This sand-cast brass gorget was made to last which is suggested by its heavy weight in comparison with other gorgets. The surfaces of this gorget are very worn and scratched which indicates that it was subjected to some heavy wear.
The style of decoration and lettering suggests a mid-19th century date for its production. The motifs of an earl’s coronet and swan rising are borrowed from English heraldic devices and are reminiscent of the designs on military gorgets. The bird may have had some significance to Tommy, possibly as a totem, and was incorporated for that reason.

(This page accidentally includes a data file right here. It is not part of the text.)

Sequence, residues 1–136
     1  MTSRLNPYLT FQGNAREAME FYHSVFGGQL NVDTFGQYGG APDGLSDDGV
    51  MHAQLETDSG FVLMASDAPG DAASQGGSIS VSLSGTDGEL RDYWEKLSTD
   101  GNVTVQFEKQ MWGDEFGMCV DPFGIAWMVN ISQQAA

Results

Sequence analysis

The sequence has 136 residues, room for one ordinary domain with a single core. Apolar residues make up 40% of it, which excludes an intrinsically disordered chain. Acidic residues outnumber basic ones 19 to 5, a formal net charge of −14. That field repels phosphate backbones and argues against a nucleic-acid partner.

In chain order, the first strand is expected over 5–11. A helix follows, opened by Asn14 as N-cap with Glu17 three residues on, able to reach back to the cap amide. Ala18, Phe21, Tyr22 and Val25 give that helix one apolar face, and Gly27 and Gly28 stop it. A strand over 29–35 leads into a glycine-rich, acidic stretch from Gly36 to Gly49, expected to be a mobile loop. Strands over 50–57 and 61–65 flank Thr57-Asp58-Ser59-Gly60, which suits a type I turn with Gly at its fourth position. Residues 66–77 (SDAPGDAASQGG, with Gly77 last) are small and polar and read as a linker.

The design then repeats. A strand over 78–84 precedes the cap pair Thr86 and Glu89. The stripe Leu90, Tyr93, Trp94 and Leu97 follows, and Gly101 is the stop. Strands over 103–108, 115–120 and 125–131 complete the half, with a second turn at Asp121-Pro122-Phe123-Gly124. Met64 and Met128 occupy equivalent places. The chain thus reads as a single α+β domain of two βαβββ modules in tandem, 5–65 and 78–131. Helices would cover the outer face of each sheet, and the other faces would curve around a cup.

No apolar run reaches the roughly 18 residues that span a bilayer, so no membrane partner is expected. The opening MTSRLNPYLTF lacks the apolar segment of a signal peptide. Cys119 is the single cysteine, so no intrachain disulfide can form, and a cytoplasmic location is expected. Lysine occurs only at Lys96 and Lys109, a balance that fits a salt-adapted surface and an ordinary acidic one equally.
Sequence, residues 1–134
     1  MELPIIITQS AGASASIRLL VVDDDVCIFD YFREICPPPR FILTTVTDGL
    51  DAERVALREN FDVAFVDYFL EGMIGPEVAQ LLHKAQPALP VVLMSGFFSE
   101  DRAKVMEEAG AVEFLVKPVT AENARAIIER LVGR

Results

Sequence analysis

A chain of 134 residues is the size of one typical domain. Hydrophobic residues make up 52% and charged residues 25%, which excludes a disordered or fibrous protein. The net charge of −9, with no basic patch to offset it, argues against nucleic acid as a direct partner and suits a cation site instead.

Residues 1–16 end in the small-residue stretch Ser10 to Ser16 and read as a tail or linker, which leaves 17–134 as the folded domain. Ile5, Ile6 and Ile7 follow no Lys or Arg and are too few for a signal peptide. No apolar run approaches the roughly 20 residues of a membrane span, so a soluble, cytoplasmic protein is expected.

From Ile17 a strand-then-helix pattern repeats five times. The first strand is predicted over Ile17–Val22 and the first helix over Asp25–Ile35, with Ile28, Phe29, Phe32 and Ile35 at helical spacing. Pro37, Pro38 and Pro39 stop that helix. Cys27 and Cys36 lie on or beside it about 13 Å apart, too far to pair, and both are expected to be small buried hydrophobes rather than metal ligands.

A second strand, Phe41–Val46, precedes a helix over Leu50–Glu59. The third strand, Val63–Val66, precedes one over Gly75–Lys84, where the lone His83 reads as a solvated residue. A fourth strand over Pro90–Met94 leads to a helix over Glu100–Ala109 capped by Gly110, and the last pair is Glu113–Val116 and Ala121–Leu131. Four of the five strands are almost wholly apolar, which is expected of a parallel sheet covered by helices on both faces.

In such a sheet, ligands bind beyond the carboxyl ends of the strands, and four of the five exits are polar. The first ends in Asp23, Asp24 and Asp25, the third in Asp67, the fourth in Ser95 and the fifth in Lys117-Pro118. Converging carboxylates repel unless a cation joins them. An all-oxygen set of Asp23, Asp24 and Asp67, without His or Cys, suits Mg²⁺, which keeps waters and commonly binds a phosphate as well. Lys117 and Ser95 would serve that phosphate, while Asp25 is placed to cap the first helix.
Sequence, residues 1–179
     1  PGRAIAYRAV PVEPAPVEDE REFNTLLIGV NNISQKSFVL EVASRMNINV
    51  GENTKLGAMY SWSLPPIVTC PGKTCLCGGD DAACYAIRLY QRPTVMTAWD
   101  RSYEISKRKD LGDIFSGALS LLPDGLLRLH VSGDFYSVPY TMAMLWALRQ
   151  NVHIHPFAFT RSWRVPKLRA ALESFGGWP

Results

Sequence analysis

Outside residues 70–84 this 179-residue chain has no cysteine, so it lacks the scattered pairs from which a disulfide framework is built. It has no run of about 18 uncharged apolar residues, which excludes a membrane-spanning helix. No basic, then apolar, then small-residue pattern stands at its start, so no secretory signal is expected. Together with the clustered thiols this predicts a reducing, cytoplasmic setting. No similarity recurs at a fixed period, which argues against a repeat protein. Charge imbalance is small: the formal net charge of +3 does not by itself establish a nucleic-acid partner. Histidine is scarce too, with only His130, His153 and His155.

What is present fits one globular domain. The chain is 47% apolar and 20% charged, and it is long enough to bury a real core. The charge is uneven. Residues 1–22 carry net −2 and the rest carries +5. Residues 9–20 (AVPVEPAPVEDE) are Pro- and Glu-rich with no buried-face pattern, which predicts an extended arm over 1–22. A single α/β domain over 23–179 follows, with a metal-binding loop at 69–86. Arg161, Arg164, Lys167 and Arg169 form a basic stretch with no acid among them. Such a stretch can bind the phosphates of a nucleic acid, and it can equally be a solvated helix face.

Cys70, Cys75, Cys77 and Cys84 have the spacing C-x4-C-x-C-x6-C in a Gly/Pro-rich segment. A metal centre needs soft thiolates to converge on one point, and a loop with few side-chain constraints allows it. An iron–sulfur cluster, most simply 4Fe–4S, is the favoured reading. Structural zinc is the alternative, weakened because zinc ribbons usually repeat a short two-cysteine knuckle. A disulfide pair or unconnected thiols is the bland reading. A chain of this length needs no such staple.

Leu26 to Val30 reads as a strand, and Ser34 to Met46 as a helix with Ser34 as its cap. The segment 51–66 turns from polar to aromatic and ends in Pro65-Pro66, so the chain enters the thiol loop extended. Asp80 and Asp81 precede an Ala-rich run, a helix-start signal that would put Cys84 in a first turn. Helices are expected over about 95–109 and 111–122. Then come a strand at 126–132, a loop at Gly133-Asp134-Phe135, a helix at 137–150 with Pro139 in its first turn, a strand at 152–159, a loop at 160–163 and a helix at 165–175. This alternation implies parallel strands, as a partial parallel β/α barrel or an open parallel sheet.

The inscription suggests that Tommy was a police constable at Wellington, New South Wales. It is also possible that Tommy was Tommy Wellington or Constable Wellington.
There is an Aboriginal family with the name Wellington mentioned frequently in Jimmie Barker’s autobiography . But the way the inscription is punctuated appears to confound this theory.
 J Barker, The Two Worlds of Jimmie Barker: the Life of an Australian Aboriginal 1900–1972, Australian Institute of Aboriginal Studies, Canberra, 1980.